In the sprawling dining room, white tablecloths drape over square and circular tables. Atop these tables are platters of the Mandarin, Szechuan, and Cantonese cuisine that fills Christina Wan's menu. Favorites such as general tso's chicken and sesame beef share space with less-known dishes such as saigon steak kew (filet mignon with snow peas) and lemongrass-marinated rack of lamb.
Bright spotlights shine down as the doors swing open. Grinning faces look up in recognition. Dishes emerge from the kitchen at Panda Buffet like celebrities, draped in boas of steam and mantles of honey-garlic or bourbon glaze beneath the lemongrass-hued walls and wood paneling. Waiters toting traditional concoctions such as General Tso’s chicken scoot past mirrors painted with bucolic Eastern scenes that let diners experience exotic locales without hiding in a shipment of pith helmets.
15th Street Fisheries illustrates a key facet of the circle of life: you feed the fish, and the fish feed you. Every evening, guests head to the edge of the docks to feed schools of giant tarpon—fish that can grow up to 8 feet long—with shrimp from the nearby store. It's a feat made possible by the restaurant's location on the Lauderdale Marina, a hub for pedestrians and boats alike on the Intracoastal Waterway.
Floating above the silvery tarpon, yachts, fishing boats, and other charters pass in view of the upstairs dining room. The space resembles an upscale boathouse with eclectic seafood entrees to match. Start with a bowl of Bahamian-style conch chowder or shrimp and grits, then choose from an impressive list of prepared fish, including miso-glazed Chilean sea bass and pan-roasted black grouper. The Maine lobsters on the menu weigh 2 to 3 pounds, depending on how often they crawled ashore to go to the gym, but you can also order a spiny lobster tail with baby bok choy. Downstairs, the dockside café offers more casual fare and live music on weekends.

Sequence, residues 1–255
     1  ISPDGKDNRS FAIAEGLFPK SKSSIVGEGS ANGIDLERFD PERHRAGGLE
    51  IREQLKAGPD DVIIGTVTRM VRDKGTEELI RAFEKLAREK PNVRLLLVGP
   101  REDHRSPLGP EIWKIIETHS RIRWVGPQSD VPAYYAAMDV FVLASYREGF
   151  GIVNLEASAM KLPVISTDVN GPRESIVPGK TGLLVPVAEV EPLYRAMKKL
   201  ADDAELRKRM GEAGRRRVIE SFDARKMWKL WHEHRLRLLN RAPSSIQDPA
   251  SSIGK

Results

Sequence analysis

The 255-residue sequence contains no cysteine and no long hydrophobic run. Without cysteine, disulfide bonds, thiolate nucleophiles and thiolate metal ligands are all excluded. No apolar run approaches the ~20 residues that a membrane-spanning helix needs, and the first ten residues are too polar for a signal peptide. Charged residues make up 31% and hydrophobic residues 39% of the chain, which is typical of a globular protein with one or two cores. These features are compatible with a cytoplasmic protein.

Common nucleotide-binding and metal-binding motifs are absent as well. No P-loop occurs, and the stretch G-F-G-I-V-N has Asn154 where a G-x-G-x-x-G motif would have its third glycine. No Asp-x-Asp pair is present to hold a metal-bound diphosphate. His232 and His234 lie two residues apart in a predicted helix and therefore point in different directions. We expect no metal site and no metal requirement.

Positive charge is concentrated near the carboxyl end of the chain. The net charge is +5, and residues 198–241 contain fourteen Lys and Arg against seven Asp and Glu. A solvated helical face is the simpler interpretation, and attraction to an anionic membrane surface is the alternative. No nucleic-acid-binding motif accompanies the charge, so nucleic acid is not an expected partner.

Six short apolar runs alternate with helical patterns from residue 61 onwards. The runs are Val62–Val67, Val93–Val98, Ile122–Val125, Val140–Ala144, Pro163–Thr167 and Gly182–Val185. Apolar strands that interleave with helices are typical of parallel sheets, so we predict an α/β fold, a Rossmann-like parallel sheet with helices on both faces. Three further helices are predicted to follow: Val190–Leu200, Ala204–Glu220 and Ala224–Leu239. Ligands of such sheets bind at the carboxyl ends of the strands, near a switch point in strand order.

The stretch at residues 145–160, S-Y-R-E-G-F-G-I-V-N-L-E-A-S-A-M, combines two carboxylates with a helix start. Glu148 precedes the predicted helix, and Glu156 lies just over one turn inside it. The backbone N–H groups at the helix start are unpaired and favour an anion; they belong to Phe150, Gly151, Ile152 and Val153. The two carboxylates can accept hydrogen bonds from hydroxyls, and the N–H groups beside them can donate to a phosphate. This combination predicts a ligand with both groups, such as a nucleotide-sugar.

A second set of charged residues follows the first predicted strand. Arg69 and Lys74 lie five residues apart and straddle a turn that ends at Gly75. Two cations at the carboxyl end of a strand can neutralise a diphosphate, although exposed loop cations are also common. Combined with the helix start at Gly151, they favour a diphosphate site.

Shooters Waterfront Cafe USA showcases vistas of the intracoastal waterway as servers ferry plates of fresh seafood, burgers, and sandwiches to outdoor tables. Boat docking with valet assistance allows diners to pull up to the waterfront eatery after a day spent negotiating record deals with musically gifted whales. Shooters serves drinks on an outdoor patio, while their swimming pool allows guests to mimic those musical whales. On the weekends, a raw-food bar lures seafood lovers with fresh-caught oysters, clams, shrimp, and crab legs.
The fish used in Ceviche by the Sea's namesake dish is delivered to the restaurant daily, allowing diners to savor the flavors of fresh white fish, tuna, and calamari marinated in tangy lime juice, spicy rocoto pepper sauce, or salty soy sauce at this eatery voted Best Peruvian Restaurant of Fort Lauderdale and Palm Beach 2014 by the Broward Palm Beach New Times . Seafood also steals the show in the pan-seared sea bass entree, which a reviewer from Go Riverwalk called "total perfection" thanks to its crisp, seared outside and moist, tender interior. Staying true to the restaurant's Peruvian roots, the chefs here also prepare skirt steaks and grilled chicken, as well as whipped potato cakes known as causas and mounds of quinoa that can be shaped to resemble Machu Pichu.
It takes four weeks for Lauderdale Grill's prime rib to age to the tenderness deemed best by their chefs. Then, after cooking onsite in hickory smoke, these succulent cuts are available by the 10 or 14 oz serving or as a sandwich on a grilled roll. The cooks here also plate up tuna, mahi mahi, and salmon, as well as bar food favorites such as wings and burgers. Tastier and more fun than a daily sock darning schedule, a daily soup schedule also holds a place in the menu, featuring chilis, chowders, and stews each only offered once a week. And happily for cocktail-lovers, the Broward/Palm Beach New Times raved about the spot's weekend bloody mary bar, calling the homemade mix used "outstanding."